Still Life At The Mall?

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This image sums up how I feel whenever I go into a big shopping mall – soul sucked out, life signs shutting down, a sense of being processed, objectified in the drive to SHOP and SHOP and SHOP. On the other hand, when I came upon this scene through the strangely translucent shutters of a closed-down men’s clothing store I couldn’t have been more delighted. I didn’t have to arrange anything. It was all set out for me. I simply had to pull out my camera. Still life in the mall indeed, although sometimes you have to look hard for it.

 

Paula’s Black & White Sunday Challenge at Lost in Translation is Still Life. She has come up with a very intriguing take on the theme. Go see.

39 thoughts on “Still Life At The Mall?

  1. Wonderful….I can walk twenty miles in nature and feel so full of life….I can walk for one minute through a mall and feel as if all of life ha been sucked out of me! Love the pic.:)

  2. Sometimes I like the big shopping malls. Time seems to be at a standstill and the mass of people flowing through are for me an interesting mosaic to watch

    1. Oh well, you’re talking about Nairobi malls. I should have specifically excluded them from my otherwise negative reactions. You just never know what you’ll see in a Nairobi mall, and some are so very bizarre in concept. There was the one that looked like Chinese pagodas that had hardly any shops inside. And then the Village Market that had a crashing plane in its front wall (not your usual retail attraction). Is it still like that? And the Sarit Centre that was the first place I set foot in when I first arrived in Nairobi. Can still smell the popcorn. Hm. Now look what you’ve done, Noel. Sent me on a shopping mall spree, and I haven’t even mentioned the Ya Ya Centre (A Biwott creation if I remember the rumours.)

      1. You are right about Biwott and Yaya. That story hasn’t changed any bit.
        Village market has changed a bit. Expanded with many shops.
        The popcorn at the entrance to sarit are still there

  3. I actually don’t mind going shopping too much these days.
    Odd, as I always thought i would begin to detest it. But then again, I try never to go on what are generally considered busy days and never, ever on Saturdays.

    That’s a great photo. Weird, but a good shot all the same.

  4. What a fabulous photo! And of course you value add, with its symbolism. My son and daughter compete to see who can move fastest through necessary purchases to getoutofthere. And that’s only a supermarket.

  5. This is brilliant – they look as though they are having a conversation and remind me of the Černý sculpture of the p***ing men in Prague.

  6. They do have one redeeming factor Tish, they are air conditioned and they have space to walk around and get some exercise when it is hovering around 40c and VERY humid outside and we have no air-con at home!!! But as for shopping, forget it. But I must admit to rather enjoying grocery shopping…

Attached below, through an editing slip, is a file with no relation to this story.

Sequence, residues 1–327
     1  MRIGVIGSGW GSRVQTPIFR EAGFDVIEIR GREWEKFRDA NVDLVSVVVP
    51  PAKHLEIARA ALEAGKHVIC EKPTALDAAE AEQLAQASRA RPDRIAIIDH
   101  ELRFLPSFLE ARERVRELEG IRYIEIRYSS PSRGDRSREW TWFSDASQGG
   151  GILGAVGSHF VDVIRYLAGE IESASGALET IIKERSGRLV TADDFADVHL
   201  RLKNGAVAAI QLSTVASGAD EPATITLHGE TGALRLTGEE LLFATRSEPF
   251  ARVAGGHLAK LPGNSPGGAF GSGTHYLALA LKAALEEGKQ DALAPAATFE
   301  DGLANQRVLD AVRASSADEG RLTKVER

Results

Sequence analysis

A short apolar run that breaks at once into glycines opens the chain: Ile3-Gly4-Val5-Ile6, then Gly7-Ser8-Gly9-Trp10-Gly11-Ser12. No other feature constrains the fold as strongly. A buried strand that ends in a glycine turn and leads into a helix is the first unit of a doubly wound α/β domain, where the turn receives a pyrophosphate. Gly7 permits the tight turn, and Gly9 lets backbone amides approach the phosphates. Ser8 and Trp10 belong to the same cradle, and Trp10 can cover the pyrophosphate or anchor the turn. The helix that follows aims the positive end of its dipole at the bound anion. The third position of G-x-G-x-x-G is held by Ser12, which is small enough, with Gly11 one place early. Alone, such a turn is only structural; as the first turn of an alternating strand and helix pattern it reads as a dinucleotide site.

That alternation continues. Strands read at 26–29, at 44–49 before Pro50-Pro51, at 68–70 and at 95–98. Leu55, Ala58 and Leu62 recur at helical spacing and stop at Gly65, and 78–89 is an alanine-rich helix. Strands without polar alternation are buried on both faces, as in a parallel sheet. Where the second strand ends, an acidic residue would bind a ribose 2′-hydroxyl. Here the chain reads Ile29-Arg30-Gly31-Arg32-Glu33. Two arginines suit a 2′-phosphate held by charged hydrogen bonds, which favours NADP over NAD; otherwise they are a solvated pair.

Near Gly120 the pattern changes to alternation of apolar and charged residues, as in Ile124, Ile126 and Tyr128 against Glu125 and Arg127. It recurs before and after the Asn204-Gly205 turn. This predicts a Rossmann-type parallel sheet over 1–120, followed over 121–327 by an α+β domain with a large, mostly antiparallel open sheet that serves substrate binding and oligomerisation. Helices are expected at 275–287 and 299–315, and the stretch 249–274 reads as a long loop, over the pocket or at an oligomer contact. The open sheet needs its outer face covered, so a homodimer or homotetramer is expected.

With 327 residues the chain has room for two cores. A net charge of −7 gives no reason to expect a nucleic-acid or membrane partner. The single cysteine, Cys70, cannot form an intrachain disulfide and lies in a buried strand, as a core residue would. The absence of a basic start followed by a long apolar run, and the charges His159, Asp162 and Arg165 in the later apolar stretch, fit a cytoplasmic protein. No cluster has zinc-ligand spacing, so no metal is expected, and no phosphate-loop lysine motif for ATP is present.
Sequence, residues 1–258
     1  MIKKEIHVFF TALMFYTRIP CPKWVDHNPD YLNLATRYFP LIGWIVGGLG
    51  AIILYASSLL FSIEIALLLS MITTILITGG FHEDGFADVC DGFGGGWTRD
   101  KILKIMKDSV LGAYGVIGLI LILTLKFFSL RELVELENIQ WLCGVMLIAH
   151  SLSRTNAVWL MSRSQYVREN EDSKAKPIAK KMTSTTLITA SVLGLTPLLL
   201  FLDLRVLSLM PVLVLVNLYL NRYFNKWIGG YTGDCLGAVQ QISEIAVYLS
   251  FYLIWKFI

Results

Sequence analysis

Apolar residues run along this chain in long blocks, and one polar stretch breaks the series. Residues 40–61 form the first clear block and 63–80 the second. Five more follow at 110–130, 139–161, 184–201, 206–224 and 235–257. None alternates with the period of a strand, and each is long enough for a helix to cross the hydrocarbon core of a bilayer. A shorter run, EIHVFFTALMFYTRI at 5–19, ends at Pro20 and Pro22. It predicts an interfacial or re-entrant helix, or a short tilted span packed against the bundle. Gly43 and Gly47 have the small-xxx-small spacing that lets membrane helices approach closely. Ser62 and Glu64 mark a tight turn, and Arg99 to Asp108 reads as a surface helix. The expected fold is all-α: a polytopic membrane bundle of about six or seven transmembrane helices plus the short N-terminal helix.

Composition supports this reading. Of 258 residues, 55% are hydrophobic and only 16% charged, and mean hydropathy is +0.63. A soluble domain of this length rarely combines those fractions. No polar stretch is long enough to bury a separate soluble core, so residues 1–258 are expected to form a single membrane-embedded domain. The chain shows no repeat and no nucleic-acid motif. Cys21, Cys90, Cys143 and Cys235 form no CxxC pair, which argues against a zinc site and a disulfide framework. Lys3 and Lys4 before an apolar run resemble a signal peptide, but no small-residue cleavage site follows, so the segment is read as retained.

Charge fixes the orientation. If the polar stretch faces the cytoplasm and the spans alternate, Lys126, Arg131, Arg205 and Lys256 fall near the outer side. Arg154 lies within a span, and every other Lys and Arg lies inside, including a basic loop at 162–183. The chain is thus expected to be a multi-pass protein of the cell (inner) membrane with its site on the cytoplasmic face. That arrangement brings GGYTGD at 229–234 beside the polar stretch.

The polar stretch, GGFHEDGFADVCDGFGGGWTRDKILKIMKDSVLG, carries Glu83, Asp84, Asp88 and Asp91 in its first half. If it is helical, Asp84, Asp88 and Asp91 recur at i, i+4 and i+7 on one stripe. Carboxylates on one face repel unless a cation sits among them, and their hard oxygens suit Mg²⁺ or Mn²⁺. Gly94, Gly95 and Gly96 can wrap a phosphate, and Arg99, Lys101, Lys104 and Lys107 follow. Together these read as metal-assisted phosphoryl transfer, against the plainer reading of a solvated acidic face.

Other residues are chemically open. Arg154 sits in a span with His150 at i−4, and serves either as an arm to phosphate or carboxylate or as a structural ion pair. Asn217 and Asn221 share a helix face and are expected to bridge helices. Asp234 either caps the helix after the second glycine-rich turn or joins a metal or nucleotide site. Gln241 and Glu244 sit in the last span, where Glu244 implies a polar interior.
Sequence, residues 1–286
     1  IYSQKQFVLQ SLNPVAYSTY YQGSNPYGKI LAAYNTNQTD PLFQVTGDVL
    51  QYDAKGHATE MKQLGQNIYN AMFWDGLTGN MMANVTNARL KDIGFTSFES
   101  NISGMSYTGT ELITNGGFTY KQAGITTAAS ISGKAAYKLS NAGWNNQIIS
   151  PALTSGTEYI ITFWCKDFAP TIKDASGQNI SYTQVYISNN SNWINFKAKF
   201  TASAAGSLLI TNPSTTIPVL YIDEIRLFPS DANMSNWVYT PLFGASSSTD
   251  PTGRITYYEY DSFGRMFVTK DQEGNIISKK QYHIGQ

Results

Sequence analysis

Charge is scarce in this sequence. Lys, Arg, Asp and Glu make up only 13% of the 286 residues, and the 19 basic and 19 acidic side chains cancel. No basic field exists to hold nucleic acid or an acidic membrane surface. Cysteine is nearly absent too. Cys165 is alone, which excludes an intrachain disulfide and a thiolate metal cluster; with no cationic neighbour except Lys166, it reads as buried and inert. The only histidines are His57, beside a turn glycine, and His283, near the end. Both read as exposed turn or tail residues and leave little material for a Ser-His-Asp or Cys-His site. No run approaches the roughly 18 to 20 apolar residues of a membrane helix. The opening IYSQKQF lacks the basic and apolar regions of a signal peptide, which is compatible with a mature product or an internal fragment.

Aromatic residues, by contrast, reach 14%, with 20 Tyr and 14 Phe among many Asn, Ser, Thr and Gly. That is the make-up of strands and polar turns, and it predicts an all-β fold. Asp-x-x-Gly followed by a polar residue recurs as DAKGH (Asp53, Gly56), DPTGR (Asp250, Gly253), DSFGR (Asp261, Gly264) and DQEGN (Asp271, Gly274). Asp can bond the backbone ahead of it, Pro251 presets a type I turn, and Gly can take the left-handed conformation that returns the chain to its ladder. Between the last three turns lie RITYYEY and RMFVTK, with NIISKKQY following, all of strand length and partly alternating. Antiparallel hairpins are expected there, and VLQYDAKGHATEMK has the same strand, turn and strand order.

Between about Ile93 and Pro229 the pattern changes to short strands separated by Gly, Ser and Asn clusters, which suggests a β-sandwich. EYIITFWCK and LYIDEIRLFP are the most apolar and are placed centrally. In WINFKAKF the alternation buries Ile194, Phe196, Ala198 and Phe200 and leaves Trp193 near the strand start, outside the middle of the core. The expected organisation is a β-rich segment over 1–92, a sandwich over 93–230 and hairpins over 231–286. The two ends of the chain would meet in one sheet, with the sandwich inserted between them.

I love the image you have captured, very futuristic, cyborg like creatures.

    1. Actually you’ve reminded me that the malls in Dubai were quite pleasing to walk around. Much thought had gone into design. They were also pretty empty, and as you say great to retreat to out of the heat. I’m not sure our UK malls have air conditioning. Maybe that’s one of their problems – too much stale air.

  7. I know the feeling of coming across just the right shot without any effort at all! I’m not a big fan of malls, although there was a time when our girls were little, that I’d walk in the mall with the stroller in the winter. Malls are overwhelming pits of consumerism to me and I tend to only go to one if there’s a shop there with something I can’t find anywhere else. Can’t remember the last time I went to one except to meet my s-i-l who works at one.

    janet

    1. In the UK in the late Victorian/Edwarian period, our towns had beautiful arcades that were a pleasure to walk through. The shops along them were all quite small being pre-chain store days. And most of these lovely places were destroyed to make way for urban improvement.

  8. A strange and very captivating photo. I love the graphic quality and the alienation the photo radiates. The monochromatic tones and the harsh contrast emphasizes this mood. When it comes to shopping and shopping malls, I feel exactly the same way as you. 🙂

  9. I’m not much of a shopper these days I have to say. I find malls just overwhelming in the variety. Nothing like a quaint little shop with great service to make me happy.
    Love the photo and always so happy when an image just magically pops in front of one.

  10. I thought this was a lithograph at first, due to the artistic hued contrast. Well-framed. BtW: you are the Book Booster Spotlight for February. Pop in and check it out!

  11. Like you and so many of your commenters, I avoid malls as much as I can. Despite the noise and the activity they tend to be hollow, and empty of all that inspires the soul.

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